Covered by the Wall Street Journal earlier today, New Jersey Governor Chris Christie signed a revised bill today that makes online gambling completely legal for New Jersey’s nine million residents. The language of the bill requires casinos to check the physical location of each New Jersey resident before actually taking a bet. Bets could be placed by mobile devices like a smartphone or tablet as well as a desktop computer or laptop, assuming the location data checks out. In addition, this bill will allow New Jersey casinos to partner with overseas companies in regards to developing programs and systems for online gambling.
Regarding the decision to legalize online gambling, Governor Christie said “This was a critical decision, and one that I did not make lightly. But with the proper regulatory framework and safeguards that I insisted on including in the bill, I am confident that we are offering a responsible yet exciting option that will make Atlantic City more competitive while also bringing financial benefits to New Jersey as a whole.”
The state of New Jersey will now collect a 15 percent tax on online gambling within the state; up from a 10 percent tax rate. The move is expected to bring in approximately $400 million in revenue during the first year and could reach $600 million in revenue in coming years. The state currently collects between $200 million to $250 million per year from casinos within Atlantic City.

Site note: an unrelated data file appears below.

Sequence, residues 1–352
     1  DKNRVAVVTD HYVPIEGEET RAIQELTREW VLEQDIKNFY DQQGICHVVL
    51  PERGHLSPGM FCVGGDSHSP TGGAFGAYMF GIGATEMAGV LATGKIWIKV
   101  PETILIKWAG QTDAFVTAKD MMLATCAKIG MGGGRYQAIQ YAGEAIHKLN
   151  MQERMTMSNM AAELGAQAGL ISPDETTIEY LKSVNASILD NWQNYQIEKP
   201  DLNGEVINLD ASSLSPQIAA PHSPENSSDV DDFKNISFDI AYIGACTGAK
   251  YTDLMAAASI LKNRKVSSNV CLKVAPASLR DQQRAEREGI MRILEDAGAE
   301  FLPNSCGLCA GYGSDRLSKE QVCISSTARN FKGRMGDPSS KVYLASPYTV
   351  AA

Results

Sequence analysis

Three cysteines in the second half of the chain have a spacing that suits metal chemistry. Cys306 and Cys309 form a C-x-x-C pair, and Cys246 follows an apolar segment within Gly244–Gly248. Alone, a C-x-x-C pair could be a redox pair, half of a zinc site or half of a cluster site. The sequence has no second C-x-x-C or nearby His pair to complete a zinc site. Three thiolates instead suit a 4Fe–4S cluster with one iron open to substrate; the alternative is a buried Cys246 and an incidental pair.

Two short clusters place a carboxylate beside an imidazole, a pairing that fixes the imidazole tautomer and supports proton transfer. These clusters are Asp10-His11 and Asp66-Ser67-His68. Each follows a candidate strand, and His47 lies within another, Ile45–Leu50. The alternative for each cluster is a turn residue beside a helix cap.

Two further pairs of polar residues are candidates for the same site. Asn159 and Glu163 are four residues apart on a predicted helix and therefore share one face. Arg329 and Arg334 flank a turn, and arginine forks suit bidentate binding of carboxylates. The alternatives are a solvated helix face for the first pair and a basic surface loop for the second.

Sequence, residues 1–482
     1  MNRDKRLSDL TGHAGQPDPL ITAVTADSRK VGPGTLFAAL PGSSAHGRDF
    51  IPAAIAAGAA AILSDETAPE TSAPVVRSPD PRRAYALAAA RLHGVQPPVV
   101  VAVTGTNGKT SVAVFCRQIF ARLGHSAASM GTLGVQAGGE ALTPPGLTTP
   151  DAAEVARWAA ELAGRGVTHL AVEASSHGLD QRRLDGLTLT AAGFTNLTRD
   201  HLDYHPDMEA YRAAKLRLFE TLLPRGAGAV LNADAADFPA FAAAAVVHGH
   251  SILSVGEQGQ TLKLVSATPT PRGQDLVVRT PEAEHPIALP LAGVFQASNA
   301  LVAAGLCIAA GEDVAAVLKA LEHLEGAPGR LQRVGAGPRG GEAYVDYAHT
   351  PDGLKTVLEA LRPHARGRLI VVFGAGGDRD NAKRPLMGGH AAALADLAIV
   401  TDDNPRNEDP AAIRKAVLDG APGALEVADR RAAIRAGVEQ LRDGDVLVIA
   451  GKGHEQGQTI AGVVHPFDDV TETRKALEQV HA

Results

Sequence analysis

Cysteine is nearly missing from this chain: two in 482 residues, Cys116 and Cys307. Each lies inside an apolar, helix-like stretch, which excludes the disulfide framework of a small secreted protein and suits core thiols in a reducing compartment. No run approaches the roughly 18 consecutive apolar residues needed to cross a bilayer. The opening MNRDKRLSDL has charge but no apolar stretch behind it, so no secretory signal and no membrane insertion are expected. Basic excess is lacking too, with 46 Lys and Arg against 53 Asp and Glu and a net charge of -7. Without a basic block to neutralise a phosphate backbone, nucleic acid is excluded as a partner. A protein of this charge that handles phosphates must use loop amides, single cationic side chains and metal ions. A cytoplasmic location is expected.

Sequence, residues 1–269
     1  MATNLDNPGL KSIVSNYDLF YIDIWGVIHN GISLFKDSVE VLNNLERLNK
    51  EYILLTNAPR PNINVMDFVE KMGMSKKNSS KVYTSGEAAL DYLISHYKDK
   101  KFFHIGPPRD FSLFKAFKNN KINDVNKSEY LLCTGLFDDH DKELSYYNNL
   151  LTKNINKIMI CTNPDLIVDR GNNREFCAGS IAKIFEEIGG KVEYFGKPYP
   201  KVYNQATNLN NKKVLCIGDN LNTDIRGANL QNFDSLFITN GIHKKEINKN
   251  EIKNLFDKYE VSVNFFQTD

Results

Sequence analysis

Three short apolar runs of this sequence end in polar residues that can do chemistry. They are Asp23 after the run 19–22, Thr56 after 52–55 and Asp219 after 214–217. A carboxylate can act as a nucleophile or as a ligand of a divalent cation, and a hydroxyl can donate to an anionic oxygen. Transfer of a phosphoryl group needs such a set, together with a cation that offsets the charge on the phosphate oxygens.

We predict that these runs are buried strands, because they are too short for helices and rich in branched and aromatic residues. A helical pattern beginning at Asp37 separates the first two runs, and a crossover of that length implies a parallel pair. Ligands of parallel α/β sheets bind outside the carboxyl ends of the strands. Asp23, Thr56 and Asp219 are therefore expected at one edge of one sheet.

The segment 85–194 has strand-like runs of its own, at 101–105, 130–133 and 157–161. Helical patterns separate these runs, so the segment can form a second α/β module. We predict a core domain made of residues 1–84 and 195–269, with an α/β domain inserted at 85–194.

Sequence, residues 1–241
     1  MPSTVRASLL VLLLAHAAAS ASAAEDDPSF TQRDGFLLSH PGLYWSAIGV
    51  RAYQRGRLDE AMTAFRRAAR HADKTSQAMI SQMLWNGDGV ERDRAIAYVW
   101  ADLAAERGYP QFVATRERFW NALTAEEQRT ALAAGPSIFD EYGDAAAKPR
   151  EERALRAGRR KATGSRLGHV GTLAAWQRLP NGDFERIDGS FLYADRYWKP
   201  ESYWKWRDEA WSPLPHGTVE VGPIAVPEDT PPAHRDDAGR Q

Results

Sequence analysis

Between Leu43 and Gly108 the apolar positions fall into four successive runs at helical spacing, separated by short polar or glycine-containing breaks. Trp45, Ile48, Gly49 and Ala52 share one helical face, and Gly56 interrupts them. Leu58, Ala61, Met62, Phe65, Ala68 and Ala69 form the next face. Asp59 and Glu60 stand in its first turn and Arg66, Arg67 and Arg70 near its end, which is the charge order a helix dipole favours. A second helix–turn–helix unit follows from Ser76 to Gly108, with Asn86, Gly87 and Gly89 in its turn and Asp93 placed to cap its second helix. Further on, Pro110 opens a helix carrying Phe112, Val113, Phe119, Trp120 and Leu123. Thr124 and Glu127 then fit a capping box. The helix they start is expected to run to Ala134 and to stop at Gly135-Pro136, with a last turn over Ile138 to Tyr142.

While Delaware and Nevada have already legalized online gambling, New Jersey has more than double the residents of those two states combined. While the financial benefits of online gambling will be extremely helpful for New Jersey, lawmakers have included a provision within the new bill that requires an annual review of the program over ten years in order to gauge the effect legalization has on problem gambling.
- Google Meet vs. Zoom
- Online gambler wins 3-year legal battle for massive payout
- Slack vs. Discord
- WWDC 2020 keynote: iOS 14, Macs with iPad chips, and everything else announced
- What is Microsoft Teams? A look into Microsoft’s collaboration platform